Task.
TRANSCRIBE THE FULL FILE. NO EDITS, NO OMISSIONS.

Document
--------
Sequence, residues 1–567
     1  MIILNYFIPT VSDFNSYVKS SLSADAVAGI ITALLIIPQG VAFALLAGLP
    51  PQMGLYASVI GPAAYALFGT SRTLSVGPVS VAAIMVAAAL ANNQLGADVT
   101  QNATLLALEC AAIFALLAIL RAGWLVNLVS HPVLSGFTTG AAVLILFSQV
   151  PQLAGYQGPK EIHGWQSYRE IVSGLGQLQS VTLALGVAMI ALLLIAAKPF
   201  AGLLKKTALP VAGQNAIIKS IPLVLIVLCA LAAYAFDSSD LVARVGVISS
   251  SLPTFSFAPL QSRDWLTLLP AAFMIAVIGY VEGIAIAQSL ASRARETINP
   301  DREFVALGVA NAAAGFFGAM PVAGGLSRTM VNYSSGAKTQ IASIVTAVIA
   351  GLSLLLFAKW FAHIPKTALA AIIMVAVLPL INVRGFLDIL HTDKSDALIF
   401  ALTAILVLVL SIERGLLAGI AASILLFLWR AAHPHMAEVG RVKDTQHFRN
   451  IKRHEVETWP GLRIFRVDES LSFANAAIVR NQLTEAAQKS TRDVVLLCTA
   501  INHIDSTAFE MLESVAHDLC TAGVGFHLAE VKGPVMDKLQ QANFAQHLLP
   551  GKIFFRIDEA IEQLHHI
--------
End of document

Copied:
Sequence, residues 1–567
     1  MIILNYFIPT VSDFNSYVKS SLSADAVAGI ITALLIIPQG VAFALLAGLP
    51  PQMGLYASVI GPAAYALFGT SRTLSVGPVS VAAIMVAAAL ANNQLGADVT
   101  QNATLLALEC AAIFALLAIL RAGWLVNLVS HPVLSGFTTG AAVLILFSQV
   151  PQLAGYQGPK EIHGWQSYRE IVSGLGQLQS VTLALGVAMI ALLLIAAKPF
   201  AGLLKKTALP VAGQNAIIKS IPLVLIVLCA LAAYAFDSSD LVARVGVISS
   251  SLPTFSFAPL QSRDWLTLLP AAFMIAVIGY VEGIAIAQSL ASRARETINP
   301  DREFVALGVA NAAAGFFGAM PVAGGLSRTM VNYSSGAKTQ IASIVTAVIA
   351  GLSLLLFAKW FAHIPKTALA AIIMVAVLPL INVRGFLDIL HTDKSDALIF
   401  ALTAILVLVL SIERGLLAGI AASILLFLWR AAHPHMAEVG RVKDTQHFRN
   451  IKRHEVETWP GLRIFRVDES LSFANAAIVR NQLTEAAQKS TRDVVLLCTA
   501  INHIDSTAFE MLESVAHDLC TAGVGFHLAE VKGPVMDKLQ QANFAQHLLP
   551  GKIFFRIDEA IEQLHHI